The Inconsistency Screwage Of GHCN

For the last couple of days I’ve been fussing with the problems caused by the inconsistency of GHCN from version to version. In v3, Russia has 2 country codes. One for the European half, one for the Asia half. In v4 it is only one abbreviation “RS” for all of it.

That showed up in the Russian anomaly comparison graphs of the prior GHCN v3.3 vs v4 Asia set in that I’m trying to compare the two versions of “one country” when it is three country definitions. So, OK, I put a footnote (sort of, really an inline comment) that this was an issue and ignored the inconsistency.

Trying to find a way to “fix that” I thought: “Well, heck, just use WMO number. Each instrument has a unique WMO number. Associate the country with the WMO for each in a distinct table. Make WMO the key field.”

Which resulted in me doing a spot check on the WMO consistency. The first block is v3 inventory file where the first three digits are “country number” then there are 5 digits of WMO# and 3 of flags for instruments near that WMO site or changed instrument at that site. For v4 there are 2 letters of country abbreviation, then three letters of various status information, then the WMO ought to be the next block. So think you can match on those WMO Numbers?:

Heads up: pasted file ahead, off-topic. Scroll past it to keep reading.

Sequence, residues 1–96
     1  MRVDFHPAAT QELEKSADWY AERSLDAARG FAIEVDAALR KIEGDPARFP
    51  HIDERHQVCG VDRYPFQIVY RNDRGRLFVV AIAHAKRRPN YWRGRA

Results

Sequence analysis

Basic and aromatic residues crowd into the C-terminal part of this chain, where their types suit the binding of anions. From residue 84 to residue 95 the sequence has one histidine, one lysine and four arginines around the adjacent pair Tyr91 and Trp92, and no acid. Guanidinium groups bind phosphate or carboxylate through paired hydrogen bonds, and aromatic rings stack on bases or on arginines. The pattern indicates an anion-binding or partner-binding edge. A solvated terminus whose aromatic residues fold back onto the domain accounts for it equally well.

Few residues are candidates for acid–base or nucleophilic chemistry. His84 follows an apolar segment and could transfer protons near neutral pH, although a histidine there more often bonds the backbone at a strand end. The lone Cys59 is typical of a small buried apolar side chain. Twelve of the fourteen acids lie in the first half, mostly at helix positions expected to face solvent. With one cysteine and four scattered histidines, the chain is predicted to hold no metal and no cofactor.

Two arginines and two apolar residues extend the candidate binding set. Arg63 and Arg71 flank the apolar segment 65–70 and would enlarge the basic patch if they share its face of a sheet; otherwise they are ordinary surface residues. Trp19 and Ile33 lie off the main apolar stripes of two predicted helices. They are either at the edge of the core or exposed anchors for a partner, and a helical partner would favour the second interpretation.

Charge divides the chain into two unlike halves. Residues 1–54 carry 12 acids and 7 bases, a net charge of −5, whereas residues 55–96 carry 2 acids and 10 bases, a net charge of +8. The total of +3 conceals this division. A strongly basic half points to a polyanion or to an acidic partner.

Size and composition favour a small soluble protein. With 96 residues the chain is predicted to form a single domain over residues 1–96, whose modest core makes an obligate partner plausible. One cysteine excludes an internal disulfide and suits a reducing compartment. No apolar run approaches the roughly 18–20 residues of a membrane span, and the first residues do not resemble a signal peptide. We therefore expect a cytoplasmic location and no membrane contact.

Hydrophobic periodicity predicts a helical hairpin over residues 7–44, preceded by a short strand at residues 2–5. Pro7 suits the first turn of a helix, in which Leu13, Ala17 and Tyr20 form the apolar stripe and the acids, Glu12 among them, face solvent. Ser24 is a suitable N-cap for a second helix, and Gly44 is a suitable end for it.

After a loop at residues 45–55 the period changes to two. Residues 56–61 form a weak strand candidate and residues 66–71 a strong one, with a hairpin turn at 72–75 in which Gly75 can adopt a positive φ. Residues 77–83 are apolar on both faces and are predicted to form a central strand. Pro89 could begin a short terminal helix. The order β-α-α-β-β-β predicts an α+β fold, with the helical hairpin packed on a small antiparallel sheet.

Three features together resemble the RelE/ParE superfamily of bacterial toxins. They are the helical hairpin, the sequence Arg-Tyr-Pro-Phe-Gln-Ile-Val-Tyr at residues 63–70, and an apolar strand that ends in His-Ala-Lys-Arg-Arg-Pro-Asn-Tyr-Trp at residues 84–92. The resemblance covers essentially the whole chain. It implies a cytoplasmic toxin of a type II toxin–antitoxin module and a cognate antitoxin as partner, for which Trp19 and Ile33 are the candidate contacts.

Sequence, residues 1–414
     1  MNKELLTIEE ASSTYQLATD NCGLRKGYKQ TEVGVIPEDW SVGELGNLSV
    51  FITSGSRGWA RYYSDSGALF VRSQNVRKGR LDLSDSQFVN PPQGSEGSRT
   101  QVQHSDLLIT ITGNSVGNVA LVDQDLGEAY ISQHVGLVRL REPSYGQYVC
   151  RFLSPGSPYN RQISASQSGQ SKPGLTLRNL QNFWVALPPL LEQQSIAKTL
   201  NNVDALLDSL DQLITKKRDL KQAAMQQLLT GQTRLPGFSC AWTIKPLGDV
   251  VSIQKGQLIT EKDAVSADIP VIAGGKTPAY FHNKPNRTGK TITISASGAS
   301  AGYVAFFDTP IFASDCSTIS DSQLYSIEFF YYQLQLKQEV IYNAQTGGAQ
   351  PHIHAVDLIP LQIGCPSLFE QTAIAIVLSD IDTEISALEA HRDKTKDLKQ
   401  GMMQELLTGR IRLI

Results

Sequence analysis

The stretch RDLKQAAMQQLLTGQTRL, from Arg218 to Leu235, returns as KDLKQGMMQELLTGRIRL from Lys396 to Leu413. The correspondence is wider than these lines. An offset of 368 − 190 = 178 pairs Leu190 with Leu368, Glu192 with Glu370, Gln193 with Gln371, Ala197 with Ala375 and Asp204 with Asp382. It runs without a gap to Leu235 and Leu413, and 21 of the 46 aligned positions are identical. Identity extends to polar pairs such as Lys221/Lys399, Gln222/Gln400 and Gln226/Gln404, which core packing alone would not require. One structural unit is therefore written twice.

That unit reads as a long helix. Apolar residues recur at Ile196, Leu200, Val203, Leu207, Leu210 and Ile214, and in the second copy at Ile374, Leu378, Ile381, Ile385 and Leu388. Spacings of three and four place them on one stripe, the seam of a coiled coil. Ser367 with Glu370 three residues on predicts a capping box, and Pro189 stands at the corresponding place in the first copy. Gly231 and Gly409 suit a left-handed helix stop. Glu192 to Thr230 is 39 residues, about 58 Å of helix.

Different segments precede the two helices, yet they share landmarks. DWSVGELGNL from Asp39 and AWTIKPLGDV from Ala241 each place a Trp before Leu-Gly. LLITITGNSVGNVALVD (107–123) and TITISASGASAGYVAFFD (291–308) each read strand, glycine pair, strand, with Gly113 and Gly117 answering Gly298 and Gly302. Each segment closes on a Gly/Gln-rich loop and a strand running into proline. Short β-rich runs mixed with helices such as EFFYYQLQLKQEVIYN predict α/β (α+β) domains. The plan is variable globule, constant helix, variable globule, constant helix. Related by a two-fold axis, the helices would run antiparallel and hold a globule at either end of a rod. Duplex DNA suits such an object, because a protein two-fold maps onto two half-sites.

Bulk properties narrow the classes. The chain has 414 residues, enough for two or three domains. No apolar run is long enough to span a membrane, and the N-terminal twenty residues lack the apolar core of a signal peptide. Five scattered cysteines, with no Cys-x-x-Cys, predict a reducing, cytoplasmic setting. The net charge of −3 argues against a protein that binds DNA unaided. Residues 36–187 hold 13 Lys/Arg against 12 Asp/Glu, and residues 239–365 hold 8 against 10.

chiefio@PiM3Devuan2:~/SQL/v3$ grep FRANCIS 
10468054000 -21.2200   27.5000 1000.0 FRANCISTOWN                     991S   22FLxxno-9x-9SUCCULENT THORNSA
40778460003  19.3000  -70.3000  110.0 SAN FRANCISCO DE MACORIS D      210U   65HIxxno-9x-9WARM CROPS      B
41476423001  24.4000 -104.3200 1960.0 FRANCISCO I. MADERO, DURANGO   2014R   -9MVDEno-9x-9WARM GRASS/SHRUBC
42500147093  39.7675 -101.8097 1024.7 SAINT FRANCIS                  1030R   -9FLxxno-9x-9COOL GRASS/SHRUBC
42572494000  37.6200 -122.3800    5.0 SAN FRANCISCO                   102U 6253FLxxCO15A 1COASTAL EDGES   C
42574506002  37.7700 -122.4300   22.0 SAN FRANCISCO/MISSION DOLORES    70U 6253HIxxCO 1x-9COASTAL EDGES   C
50998437000  13.3700  122.5200   45.0 SAN FRANCISCO                   125R   -9HIxxCO 1x-9WATER           A

chiefio@PiM3Devuan2:~/SQL/v3$ grep FRANCIS ../v4/ 
BC008948490 -21.2170   27.5000 1001.0 FRANCISTOWN                   
CA004012720  50.1167 -103.9167  603.0 FRANCIS                       
DR092205945  19.2800  -70.2500  110.0 SAN_FRANCISCO_DE_MACORIS      
MXM00076843  16.7700  -93.3410 1051.9 FRANCISCO_SARABIA             
MXXLT082709  24.9100 -104.4600 1700.0 FRANCISCO_PRIMO_VERD          
RPXLT752551  13.3700  122.5200   45.0 SAN_FRANCISCO                 
SF000175820 -34.2000   24.8330    7.0 CAPE_ST_FRANCIS               
USC00047767  37.7281 -122.5053    2.4 SAN_FRANCISCO_OCEANSD         
USC00147093  39.7675 -101.8067 1024.7 SAINT_FRANCIS                 
USC00168136  30.7775  -91.3769   35.1 ST_FRANCISVILLE               
USC00363018  41.1183  -75.7278  459.9 FRANCIS_E_WALTER_DAM          
USW00023234  37.6197 -122.3647    2.4 SAN_FRANCISCO_INTL_AP         
USW00023272  37.7706 -122.4269   45.7 SAN_FRANCISCO_DWTN            
VEM00080416  10.4850  -66.8440  856.0 GENERALISIMO_FRANCISCO_DE_MIR